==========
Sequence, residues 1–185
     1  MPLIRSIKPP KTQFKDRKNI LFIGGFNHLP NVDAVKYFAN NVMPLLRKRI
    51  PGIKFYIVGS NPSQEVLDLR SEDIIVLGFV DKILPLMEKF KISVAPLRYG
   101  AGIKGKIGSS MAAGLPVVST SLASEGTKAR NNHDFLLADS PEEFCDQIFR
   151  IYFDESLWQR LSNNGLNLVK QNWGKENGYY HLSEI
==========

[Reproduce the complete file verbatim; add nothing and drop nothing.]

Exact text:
Sequence, residues 1–185
     1  MPLIRSIKPP KTQFKDRKNI LFIGGFNHLP NVDAVKYFAN NVMPLLRKRI
    51  PGIKFYIVGS NPSQEVLDLR SEDIIVLGFV DKILPLMEKF KISVAPLRYG
   101  AGIKGKIGSS MAAGLPVVST SLASEGTKAR NNHDFLLADS PEEFCDQIFR
   151  IYFDESLWQR LSNNGLNLVK QNWGKENGYY HLSEI